hearts and minds has an interesting post about ways to save WIsconsin’s farms and wetlands, two of the most valuable and most threatened parts of our state. Clyde, the author, bills himself “an Army Airborne veteran, college grad, mechanic, seaman, hunter, and outdoor adventurer.” It’s good to have perspectives from someone who’s done thing I’ve rarely or never done, such as graduating from college (yet).

A blog that takes a hard look at suburban sprawl

Sprawled Out: The Search for Community in the American Suburb is a tool through which author John Michlig examines the post-World War II phenomenon of suburban sprawl. Looking more closely, John is writing the blog as he writes a book, which uses his city of Franklin, Wisconsin as the basis for examining sprawl around the country.

This topic is close to my heart. Just last Friday, I was down in Prairie Crossing, a relatively new exurban development Grayslake, Illinois. I’d heard of Prairie Crossing only as having a farm in it, though by its proximity to Chicago I correctly believed that the area around it was most likely anything but farmland. Sure enough, subdivisions with huge houses dotted the landscape as far as the eye could see.

But upon driving through Prairie Crossing, one thing that immediately set it apart from literally every one of the subdivisions I have seen before was that rather than having stereotypical manicured suburban lawns, many of its lawns appeared to be covered with tall grasses and native plants. There’s a bit of cognitive dissonance in prairie grasses swaying against the 3,000 square foot homes.

Prairie Crossing bills itself as a a “conservation community.” To that end, the development’s web site describes it as combining “responsible development, the preservation of open land and easy commuting by rail.” Not bad; your kids can attend a charter school near your super-modern home that was “built to the highest standards of energy efficiency,” while still being well away from unwanted ruffians and sexual predators that lurk on every street corner and back alley. Best of all, you can drive your Chevy Suburban or sterling Escalade to your job in the city while still feeling good about saving the environment.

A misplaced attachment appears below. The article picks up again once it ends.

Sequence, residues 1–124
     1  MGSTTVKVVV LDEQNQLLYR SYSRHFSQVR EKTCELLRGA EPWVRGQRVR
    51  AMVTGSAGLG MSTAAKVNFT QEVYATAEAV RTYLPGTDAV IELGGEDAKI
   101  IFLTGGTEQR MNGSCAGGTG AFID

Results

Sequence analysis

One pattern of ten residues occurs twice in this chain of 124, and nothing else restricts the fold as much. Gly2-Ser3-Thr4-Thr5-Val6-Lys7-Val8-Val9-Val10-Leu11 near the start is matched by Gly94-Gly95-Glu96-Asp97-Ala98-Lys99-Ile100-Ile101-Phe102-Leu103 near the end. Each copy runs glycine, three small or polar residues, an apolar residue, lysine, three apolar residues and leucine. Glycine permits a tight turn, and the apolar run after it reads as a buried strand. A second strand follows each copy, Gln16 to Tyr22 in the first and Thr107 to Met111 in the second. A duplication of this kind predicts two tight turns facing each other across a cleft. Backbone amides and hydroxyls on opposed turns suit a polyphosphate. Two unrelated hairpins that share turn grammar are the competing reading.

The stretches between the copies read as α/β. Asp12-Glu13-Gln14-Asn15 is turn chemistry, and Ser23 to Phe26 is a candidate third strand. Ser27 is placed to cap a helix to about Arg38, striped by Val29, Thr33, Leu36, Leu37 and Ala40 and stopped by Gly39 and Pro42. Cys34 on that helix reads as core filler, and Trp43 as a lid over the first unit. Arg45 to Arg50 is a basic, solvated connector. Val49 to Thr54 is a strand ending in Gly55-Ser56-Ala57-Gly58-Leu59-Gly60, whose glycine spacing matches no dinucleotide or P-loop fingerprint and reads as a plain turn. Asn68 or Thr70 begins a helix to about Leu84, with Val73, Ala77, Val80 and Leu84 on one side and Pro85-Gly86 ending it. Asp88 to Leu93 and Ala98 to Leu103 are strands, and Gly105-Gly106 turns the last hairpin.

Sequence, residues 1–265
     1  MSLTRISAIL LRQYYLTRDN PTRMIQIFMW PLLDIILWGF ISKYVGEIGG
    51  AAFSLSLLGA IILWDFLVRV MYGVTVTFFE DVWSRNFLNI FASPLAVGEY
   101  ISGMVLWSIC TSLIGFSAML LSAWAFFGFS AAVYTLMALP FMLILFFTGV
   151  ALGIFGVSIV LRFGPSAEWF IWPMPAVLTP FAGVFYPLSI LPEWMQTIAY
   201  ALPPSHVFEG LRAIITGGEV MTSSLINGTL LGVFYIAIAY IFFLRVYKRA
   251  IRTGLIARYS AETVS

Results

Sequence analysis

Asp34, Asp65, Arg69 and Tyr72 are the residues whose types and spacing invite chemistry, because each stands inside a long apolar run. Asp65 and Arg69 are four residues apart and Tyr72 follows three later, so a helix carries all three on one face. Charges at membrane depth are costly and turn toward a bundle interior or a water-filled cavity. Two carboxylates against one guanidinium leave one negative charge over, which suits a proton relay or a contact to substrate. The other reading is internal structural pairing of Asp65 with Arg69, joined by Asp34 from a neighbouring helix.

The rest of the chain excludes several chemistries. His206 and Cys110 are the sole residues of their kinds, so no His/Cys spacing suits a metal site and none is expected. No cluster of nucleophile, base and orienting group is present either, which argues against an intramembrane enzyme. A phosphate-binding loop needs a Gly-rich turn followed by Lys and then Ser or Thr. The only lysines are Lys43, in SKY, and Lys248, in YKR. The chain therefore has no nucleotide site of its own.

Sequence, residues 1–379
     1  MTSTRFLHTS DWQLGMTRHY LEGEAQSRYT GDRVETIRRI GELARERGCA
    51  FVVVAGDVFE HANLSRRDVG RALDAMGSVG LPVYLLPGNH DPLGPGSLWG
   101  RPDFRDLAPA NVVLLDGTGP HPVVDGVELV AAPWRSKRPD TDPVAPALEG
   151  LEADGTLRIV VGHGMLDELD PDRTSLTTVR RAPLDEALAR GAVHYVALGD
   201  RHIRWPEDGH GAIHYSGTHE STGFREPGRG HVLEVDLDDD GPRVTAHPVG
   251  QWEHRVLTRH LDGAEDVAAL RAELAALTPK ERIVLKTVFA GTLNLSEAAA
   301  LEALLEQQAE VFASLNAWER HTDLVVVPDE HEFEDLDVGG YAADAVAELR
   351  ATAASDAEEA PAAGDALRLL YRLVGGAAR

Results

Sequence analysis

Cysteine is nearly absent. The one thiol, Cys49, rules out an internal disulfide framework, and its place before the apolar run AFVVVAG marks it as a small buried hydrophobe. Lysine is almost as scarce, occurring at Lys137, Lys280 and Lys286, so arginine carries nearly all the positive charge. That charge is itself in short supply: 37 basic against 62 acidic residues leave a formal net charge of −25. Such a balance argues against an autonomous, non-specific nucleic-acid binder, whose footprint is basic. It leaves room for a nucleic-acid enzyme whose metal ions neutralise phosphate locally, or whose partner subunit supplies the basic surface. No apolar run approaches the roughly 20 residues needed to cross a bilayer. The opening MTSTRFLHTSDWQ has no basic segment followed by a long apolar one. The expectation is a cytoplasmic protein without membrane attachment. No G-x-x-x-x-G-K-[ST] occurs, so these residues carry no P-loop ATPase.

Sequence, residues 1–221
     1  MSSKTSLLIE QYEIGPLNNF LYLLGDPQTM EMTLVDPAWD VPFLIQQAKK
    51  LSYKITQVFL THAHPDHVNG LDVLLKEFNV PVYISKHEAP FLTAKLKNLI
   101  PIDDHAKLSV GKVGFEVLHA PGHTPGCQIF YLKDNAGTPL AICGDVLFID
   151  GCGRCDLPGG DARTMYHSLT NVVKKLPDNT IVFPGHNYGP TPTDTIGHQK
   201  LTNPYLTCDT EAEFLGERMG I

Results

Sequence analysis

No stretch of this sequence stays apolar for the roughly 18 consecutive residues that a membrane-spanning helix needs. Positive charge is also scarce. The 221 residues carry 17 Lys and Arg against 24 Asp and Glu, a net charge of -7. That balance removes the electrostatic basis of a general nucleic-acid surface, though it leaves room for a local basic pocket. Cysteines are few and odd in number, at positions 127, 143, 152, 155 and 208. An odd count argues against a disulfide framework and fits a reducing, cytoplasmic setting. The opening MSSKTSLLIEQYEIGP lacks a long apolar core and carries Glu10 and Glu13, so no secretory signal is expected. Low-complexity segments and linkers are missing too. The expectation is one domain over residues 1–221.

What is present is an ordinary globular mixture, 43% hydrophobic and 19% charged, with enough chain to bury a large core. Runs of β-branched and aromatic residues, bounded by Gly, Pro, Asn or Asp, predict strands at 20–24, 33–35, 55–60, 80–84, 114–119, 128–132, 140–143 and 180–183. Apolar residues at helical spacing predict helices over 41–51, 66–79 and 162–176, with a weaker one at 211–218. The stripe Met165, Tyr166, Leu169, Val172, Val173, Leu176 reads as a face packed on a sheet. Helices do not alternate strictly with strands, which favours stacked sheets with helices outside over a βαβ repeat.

To their credit, Prairie Crossing does have a large organic farm amidst its houses. Attending a class there on the farm last Friday, I got to be a fly on the wall, eying damage from a recent wind storm and admiring the rows of green crops. But one thing that me a little uneasy, even angry, was seeing the lush farm fields already sprouting crops, and the line of McMansions on the horizon.

A lovely farm field in northern Illinois, with subdivisions encroaching on all sides.

A Prairie Crossing farm field, with comfortable houses in the background.

To be fully honest, I saw the other side of this view some twenty years ago, when my mother had a very large house built in Dane County. It was former farmland that overlooked several acres farmland that were still in use. But visiting the same area last year, I was horrified to see that all of the land had been consumed by perfect lawns and ostentatious houses. A few years before that, the farmland around where my buddy Kent had been raised was turned into matching fields of sprawl.

I bet you dollars to doughnuts that neither Franklin, nor Middleton, is doing much anything to preserve land or ensure a steady food supply. And I wonder, how much is the rapid consumption of farmland for construction of huge single-family houses contributing to the problem of rising food costs? Say what you will, there is a connection.